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By Paul Gionfriddo, President and CEO of Mental Health America

Black lives matter.

We should not have to say that. But we must, because our nation has finally come to realize that racism has cost us too many lives for too long a time.

Why would Mental Health America (MHA) need to state something that should be obvious? Because racism is a mental health issue. It undergirds the trauma so many people have experienced from sources too numerous to mention. And trauma paints a direct line to mental illnesses, all of which we need to take seriously.

What we have witnessed with greater frequency these past couple of weeks is something that has undermined our society for decades. Our police have too often not protected us from trauma - but imposed it on us.

We must change the way we think about public safety. Part of this is changing the role of the police.

I have argued that our police should not be the ones responding to mental health emergencies. Handcuffs should not be the tools used to escort children from their schools. Squad cars should not be the vehicles that deliver people with medical crises to emergency care.

You might say, therefore, that I support defunding the police.

But that wouldn’t be quite right.

Yesterday, Rep. James Clyburn, an icon of the civil rights movement, said of efforts to defund the police, “if you have got to explain the soundbite, you’re losing the whole issue.”  He went on to say that if you support reforming or reimaging the police, you should say so directly. We need to listen to him today in ways we have failed to do for the half century he has been involved in the civil rights movement.

So, I would say in response to him that I support reimagining the role of the police.

I want to end their involvement in the mental health space. Period. Now and forever. For too long we have been asking police officers to be social workers and mental health technicians, roles they did not seek and for which they are not adequately trained. 

And I want to change the institutions they control, too.

It is a failure of public policy when so many dollars we have needed to support the mental health of our population go to programs like jails and prisons that undermine mental health. Police chiefs and sheriffs are among those who have been saying this for years. It is time we listened.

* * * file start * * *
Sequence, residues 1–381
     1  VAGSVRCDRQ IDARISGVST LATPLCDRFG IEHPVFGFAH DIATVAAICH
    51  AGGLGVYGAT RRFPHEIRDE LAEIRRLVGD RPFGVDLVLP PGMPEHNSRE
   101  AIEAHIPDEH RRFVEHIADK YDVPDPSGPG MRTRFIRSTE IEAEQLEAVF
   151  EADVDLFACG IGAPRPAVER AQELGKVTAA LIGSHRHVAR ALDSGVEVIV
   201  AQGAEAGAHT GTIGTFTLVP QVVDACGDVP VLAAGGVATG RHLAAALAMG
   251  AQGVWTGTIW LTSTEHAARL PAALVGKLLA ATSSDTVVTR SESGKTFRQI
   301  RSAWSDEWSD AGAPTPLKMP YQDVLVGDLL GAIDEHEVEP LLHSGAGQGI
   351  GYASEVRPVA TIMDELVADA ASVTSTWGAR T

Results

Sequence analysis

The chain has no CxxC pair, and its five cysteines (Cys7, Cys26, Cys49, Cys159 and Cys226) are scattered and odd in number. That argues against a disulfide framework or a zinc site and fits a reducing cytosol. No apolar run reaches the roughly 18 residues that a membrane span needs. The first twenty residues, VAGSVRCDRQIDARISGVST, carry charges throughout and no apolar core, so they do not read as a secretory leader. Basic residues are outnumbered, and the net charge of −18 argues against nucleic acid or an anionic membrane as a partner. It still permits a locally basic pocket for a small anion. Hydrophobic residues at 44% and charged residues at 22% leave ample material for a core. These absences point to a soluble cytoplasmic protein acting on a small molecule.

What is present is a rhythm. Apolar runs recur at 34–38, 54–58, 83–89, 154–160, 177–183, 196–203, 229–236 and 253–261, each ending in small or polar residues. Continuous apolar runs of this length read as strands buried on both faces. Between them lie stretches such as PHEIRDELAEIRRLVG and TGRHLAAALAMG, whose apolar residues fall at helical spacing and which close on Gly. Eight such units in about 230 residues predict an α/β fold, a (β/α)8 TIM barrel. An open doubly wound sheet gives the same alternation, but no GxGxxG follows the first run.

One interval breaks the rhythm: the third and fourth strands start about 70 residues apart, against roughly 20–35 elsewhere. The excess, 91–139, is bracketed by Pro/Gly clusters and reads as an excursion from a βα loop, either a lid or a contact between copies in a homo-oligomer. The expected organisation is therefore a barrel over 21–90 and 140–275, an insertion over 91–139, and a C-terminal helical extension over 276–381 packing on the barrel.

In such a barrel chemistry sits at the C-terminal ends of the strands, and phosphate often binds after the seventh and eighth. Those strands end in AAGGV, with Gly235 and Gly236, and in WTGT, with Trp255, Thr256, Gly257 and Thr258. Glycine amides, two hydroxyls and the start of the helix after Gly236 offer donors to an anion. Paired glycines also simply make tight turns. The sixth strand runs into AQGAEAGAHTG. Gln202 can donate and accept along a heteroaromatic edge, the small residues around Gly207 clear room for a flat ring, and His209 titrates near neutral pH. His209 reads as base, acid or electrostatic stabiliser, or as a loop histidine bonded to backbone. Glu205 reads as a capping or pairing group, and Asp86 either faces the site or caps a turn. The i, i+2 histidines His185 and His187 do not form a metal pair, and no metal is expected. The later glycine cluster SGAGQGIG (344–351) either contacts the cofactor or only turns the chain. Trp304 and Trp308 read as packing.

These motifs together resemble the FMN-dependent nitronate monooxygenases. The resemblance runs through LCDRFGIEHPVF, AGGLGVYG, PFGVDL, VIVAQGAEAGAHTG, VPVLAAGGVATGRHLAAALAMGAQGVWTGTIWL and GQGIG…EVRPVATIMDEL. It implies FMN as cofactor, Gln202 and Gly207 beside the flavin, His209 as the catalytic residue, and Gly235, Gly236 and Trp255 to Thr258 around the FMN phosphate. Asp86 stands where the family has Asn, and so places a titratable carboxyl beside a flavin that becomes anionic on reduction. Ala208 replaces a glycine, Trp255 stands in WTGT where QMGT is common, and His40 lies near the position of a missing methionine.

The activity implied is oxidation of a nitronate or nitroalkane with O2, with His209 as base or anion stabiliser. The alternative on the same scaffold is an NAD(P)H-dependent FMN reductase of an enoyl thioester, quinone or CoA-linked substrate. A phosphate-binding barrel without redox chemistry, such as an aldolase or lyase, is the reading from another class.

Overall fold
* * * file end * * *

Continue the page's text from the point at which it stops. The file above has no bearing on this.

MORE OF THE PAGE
I support cutting the dollars that have propped up our jails and prisons for years and turned them into 21st century custodial care institutions for people of color and people with mental illnesses. I want to put these dollars into community-based services and supports. 

And I want something more. I want to empty our courtrooms of people whose only “crimes” are their mental illnesses, the color of their skin, or both.

This is not something new for an MHA leader to say. Back in 1913, MHA’s founder Clifford Beers and his colleagues developed our first public policy agenda. It called for taking control of mental illness treatment away from the sheriffs and giving it to mental health professionals. 

No one listened. This control was already built into the institutions of our nation.

I am a mental health advocate. And I know that we all have a role to play in ending institutional racism. My role is to say that when we talk about mental health, race matters. It always has and it will continue to until we make fundamental changes to our societal structures. 

Too many people – including many I love – are suffering from serious and persistent trauma. And too many others are dying from untreated or poorly treated mental health conditions because of the color of their skin. 

We need to change that.

I can’t tell you everything we need to do. But I can speak with authority about some of them. They include universal mental health screening, supporting children’s mental health, and changing from a public safety to a public health model of services and supports – all things MHA has advocated for, for more than a century. 

And I can suggest where to discover some others. Ask people like Rep. Clyburn. And don’t just listen to them, but act on what they say.

At MHA, our unique contribution to action – and one we have played for more than a century – is to focus on mental health. Racism is a mental health issue. So we will keep talking about it. We will also move forward with action to create long lasting change and stand with others who are raising their voices and actions to ensure equity across systems and protect human services, the right to assemble to protest injustice, and - to fight racism and end it once and for all.